Locked-in syndrome (LIS), also known as pseudocoma, is a condition in which a patient is aware but cannot move or communicate verbally due to complete paralysis of nearly all voluntary muscles in the body except for vertical eye movements and blinking. The individual is conscious and sufficiently intact cognitively to be able to communicate with eye movements. Electroencephalography results are normal in locked-in syndrome.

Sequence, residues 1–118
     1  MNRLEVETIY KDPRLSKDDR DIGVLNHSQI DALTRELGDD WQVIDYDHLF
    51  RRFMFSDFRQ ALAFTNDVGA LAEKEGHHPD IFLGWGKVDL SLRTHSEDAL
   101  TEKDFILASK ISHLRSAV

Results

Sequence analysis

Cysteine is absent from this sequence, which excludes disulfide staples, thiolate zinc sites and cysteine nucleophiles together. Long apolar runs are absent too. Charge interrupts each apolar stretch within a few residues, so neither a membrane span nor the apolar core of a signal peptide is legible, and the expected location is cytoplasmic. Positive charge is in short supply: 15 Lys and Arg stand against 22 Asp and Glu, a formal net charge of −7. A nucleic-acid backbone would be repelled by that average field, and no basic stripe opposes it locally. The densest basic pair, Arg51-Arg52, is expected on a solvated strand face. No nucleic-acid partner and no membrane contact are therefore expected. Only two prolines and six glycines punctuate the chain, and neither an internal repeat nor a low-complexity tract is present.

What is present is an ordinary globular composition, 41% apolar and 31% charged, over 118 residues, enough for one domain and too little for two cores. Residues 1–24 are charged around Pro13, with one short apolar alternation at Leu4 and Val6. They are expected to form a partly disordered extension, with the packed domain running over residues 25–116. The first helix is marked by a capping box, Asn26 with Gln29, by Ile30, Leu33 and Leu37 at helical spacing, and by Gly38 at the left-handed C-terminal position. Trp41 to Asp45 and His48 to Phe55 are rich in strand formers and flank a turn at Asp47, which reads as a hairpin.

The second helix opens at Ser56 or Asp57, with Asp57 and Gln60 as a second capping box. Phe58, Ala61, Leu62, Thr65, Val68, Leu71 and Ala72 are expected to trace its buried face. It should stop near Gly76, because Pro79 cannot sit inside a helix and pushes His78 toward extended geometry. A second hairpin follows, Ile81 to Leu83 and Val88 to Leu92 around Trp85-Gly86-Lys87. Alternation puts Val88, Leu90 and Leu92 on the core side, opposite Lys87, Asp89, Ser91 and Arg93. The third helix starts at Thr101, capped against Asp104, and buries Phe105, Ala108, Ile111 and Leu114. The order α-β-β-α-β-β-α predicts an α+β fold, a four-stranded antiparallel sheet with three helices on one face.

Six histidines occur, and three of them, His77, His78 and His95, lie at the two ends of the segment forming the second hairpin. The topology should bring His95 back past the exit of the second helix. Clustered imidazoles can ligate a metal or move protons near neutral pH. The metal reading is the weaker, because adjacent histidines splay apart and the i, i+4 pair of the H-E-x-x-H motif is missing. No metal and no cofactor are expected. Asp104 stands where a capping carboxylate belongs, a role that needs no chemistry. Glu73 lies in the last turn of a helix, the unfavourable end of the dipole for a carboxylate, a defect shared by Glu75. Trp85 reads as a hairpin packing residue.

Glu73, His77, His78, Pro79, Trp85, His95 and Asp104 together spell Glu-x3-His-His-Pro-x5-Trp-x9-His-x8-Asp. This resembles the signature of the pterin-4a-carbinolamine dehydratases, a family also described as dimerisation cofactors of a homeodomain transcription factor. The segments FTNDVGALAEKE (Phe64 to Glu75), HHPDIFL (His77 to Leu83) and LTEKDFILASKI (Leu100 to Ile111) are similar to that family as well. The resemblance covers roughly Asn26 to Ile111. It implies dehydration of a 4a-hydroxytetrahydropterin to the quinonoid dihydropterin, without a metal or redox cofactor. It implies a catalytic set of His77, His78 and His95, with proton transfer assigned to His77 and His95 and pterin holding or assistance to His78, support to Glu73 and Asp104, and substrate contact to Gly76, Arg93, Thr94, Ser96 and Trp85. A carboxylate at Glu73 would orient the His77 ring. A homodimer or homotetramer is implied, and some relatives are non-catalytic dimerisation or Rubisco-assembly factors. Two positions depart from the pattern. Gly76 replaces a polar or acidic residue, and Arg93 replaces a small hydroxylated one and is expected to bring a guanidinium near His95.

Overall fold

Total locked-in syndrome, or completely locked-in state (CLIS), is a version of locked-in syndrome wherein the eyes are paralyzed as well. Fred Plum and Jerome B. Posner coined the term for this disorder in 1966.
Signs and symptoms
Locked-in syndrome is usually characterized by quadriplegia (loss of limb function) and the inability to speak in otherwise cognitively intact individuals. Those with locked-in syndrome may be able to communicate with others through coded messages by blinking or moving their eyes, which are often not affected by the paralysis.